Surveillanceware used by pro-India actor to spy on officials in Kashmir, Pakistan

California based Cybersecurity company discovers spyware related to India-Pak Conflict

The group is said to have ties to the Indian military

Targets include Pakistan’s military, nuclear authorities, Indian election officials in Kashmir

A California based cybersecurity company, Lookout Inc. in its latest research report has revealed two novel Android surveillanceware – Hornbill and SunBird.

The team of researchers suggested these were used as surveillance tools by the advanced persistent threat group (APT) Confucius, which first appeared in 2013 as a state-sponsored, pro-India actor primarily pursuing Pakistani and other South Asian targets.

The group is said to have ties to the Indian military and has adopted a pair of mobile surveillance tools to spy on geopolitical targets in Pakistan and Kashmir amid persistent regional tensions, the Bloomberg reported.

The research revealed that the targets of these tools include personnel linked to Pakistan’s military, nuclear authorities, and Indian election officials in Kashmir.

Both spyware applications, HornBill and SunBird, have sophisticated capabilities to exfiltrate SMS, encrypted messaging app content, and geolocation, among other types of sensitive information.

Once the attackers penetrate a device, they scrape it for data, including call logs, contacts, geolocation, images and voice notes.

In some cases, the hackers took screen shots of the devices and recorded phone calls.

In at least one instance, intruders got inside the device of a Pakistani Air Force service member and viewed a contact list filled with other Air Force officials, quoting Apurva Kumar, Lookout’s staff security intelligence engineer, Bloomberg reported.

Additional exfiltrated data from late 2018 and early 2019 indicated that SunBird was being used to monitor Booth Level Officers responsible for field-level information regarding electoral rolls in the Pulwama district of Kashmir.

This time and location is significant as Pulwama suffered a suicide bombing attack in February 2019, which increased tensions between India and Pakistan.

The start date of active monitoring of this target on C2 servers coincided with the start of the Indian general elections held in April 2019, the research report revealed.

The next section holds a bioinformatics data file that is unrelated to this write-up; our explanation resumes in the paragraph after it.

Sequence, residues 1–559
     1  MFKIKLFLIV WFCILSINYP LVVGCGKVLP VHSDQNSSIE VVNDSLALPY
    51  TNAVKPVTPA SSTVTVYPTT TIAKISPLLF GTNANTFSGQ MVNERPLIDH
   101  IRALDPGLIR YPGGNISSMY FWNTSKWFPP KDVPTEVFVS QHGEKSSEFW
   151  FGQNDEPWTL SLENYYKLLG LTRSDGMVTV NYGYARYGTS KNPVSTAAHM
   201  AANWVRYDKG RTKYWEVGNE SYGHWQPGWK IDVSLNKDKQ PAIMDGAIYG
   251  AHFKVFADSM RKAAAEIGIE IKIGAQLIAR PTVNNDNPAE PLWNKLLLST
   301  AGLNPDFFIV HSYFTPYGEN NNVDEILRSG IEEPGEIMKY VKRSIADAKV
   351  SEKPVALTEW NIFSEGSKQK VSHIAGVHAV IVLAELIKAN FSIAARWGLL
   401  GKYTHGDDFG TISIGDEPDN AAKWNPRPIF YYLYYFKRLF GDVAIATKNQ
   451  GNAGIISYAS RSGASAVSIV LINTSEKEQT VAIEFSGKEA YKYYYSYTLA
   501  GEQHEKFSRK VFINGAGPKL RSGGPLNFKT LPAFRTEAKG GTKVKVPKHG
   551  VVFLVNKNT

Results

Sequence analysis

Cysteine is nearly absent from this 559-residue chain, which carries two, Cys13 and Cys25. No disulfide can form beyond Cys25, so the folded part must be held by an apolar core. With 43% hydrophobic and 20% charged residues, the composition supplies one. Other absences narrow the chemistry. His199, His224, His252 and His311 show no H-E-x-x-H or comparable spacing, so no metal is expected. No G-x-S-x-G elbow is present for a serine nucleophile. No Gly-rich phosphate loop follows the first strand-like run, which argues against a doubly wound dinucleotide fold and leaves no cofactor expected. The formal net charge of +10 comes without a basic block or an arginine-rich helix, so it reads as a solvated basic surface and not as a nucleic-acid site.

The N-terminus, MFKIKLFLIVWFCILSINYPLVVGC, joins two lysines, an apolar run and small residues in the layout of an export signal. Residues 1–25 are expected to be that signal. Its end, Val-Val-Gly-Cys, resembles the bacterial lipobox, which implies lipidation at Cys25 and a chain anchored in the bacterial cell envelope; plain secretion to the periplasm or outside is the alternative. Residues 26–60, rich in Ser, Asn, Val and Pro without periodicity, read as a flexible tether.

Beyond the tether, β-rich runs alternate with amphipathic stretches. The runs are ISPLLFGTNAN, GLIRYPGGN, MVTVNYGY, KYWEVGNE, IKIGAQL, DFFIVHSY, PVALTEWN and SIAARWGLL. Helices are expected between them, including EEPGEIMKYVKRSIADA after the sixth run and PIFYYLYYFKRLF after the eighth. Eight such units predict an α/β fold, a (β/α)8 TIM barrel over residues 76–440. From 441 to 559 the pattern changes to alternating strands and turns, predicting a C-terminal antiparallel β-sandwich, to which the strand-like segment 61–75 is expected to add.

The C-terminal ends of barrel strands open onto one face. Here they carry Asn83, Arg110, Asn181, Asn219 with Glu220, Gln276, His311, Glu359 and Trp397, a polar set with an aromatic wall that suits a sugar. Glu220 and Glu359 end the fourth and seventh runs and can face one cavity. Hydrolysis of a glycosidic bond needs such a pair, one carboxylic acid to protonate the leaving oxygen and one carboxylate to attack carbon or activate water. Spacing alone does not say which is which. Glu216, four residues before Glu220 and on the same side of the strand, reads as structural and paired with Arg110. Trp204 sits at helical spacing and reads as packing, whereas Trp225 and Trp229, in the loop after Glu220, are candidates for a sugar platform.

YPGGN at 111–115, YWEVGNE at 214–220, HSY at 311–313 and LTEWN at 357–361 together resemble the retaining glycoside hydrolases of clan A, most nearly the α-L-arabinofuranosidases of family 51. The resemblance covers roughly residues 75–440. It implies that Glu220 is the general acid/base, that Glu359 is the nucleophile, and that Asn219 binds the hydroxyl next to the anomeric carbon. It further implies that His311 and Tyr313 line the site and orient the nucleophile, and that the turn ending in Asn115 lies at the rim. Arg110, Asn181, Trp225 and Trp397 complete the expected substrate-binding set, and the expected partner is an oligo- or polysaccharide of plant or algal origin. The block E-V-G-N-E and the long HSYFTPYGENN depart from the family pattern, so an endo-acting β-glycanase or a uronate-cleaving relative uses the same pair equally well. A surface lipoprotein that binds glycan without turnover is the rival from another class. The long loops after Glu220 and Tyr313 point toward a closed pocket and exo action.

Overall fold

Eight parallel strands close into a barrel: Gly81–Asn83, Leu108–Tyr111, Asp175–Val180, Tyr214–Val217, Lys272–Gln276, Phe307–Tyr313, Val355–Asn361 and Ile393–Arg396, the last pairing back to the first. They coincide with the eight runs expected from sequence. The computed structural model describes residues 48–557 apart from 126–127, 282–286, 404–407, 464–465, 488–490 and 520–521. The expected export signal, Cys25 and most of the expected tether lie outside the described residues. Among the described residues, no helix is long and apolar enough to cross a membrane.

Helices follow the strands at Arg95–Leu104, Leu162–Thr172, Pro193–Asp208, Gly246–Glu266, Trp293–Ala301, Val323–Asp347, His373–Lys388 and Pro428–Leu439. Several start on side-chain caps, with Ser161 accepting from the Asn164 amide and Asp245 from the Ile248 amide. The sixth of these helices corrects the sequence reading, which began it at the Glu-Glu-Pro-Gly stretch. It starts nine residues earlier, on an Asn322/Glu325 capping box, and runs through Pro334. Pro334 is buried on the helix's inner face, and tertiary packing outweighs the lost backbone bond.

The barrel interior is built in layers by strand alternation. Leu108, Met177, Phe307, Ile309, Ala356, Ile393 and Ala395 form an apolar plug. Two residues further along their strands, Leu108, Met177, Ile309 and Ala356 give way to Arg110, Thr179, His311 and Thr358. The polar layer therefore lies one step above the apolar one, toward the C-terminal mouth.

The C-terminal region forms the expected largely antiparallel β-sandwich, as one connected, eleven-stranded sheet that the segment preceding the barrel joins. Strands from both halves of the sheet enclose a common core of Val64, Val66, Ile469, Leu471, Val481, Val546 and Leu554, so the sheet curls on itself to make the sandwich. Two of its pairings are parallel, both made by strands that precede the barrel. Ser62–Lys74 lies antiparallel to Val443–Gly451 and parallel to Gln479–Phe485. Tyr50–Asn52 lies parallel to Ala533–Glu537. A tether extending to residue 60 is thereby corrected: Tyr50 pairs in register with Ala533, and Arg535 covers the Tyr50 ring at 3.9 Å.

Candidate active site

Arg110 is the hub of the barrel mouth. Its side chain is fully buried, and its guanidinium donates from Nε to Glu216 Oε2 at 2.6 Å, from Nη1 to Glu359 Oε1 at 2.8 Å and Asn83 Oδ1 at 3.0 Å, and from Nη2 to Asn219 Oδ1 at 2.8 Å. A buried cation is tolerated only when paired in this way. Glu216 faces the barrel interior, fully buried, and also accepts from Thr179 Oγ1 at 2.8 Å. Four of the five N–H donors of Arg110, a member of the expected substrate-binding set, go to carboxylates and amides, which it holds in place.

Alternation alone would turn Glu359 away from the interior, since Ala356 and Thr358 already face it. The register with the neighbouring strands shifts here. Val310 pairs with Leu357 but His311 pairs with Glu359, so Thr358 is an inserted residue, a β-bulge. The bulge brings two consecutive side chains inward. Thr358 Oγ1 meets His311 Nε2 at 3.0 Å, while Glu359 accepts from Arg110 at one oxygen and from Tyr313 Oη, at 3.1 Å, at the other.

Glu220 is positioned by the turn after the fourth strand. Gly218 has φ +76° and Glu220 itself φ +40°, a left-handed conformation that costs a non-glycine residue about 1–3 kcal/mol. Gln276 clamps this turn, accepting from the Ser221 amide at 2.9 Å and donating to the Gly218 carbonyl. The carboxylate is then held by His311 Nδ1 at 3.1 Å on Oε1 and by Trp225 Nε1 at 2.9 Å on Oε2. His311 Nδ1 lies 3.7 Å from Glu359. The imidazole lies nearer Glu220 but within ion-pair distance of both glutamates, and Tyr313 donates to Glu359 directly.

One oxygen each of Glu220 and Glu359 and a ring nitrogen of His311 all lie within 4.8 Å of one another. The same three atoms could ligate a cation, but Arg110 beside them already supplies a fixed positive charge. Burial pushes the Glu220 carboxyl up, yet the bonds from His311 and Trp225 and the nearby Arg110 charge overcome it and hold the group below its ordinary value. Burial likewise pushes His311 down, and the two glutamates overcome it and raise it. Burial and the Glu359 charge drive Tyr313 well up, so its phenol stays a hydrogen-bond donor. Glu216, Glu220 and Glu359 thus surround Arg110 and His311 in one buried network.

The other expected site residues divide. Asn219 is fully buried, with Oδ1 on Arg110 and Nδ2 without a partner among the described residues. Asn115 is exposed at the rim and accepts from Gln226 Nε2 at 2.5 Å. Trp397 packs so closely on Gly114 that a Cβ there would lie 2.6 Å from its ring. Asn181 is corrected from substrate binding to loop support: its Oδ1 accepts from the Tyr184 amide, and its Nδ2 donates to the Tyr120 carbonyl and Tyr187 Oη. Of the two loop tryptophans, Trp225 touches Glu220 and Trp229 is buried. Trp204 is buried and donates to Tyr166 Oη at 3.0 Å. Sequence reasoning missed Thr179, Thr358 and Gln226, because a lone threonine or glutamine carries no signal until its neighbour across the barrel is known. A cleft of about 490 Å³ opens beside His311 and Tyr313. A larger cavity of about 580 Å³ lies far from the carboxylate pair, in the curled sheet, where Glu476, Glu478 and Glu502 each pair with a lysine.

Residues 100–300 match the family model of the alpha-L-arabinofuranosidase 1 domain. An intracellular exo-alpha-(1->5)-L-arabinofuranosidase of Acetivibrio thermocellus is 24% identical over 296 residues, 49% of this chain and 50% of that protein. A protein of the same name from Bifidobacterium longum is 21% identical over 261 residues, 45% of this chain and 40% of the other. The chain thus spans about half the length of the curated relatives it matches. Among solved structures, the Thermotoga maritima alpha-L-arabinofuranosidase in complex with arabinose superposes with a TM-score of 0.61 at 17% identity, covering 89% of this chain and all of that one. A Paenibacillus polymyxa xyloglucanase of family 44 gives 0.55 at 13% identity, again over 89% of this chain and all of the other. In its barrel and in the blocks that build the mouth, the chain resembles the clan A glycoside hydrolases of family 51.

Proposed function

The operators behind Hornbill are interested in a user’s WhatsApp communications. It uses a unique set of server paths to communicate to its server.

These are listed below along with what action Hornbill takes when sending HTTP POST requests to each.

In addition to that, Hornbill records WhatsApp calls by detecting an active call by abusing Android’s accessibility services. The exploitation of Android’s accessibility services in this manner is a trend we are observing frequently in Android surveillanceware.

In two cases, researchers discovered that hackers stole the contents of WhatsApp chat conversations from 2017 and 2018 between officials at the Pakistan Nuclear Regulatory Authority, Pakistan Atomic Energy Commission and unknown third-parties.

Then in April 2019, in the midst of India’s latest national election, the attackers burrowed into the device of an election official in the Pulwama region of Kashmir, where months earlier an Indian security convoy was attacked by a Pakistan-based Islamic terrorist in a deadly explosion.

The Lookout researchers found out that within the exfiltrated data, one particular victim was an individual was using WhatsApp to correspond with someone applying for a position at the Pakistan Nuclear Regulatory Authority in 2017.

In 2018, messages were uncovered from someone applying for a position at the Pakistan Atomic Energy Commission

The newest Hornbill sample was identified by Lookout’s app analysis engine as recently as December 2020, suggesting the malware may still be active today.

“We are confident SunBird and Hornbill are two tools used by the same actor, perhaps for different surveillance purposes. To the best of our knowledge the apps described in this article were never distributed through Google Play,” they said.

The researchers claimed that the users of Lookout security apps are protected from these threats.


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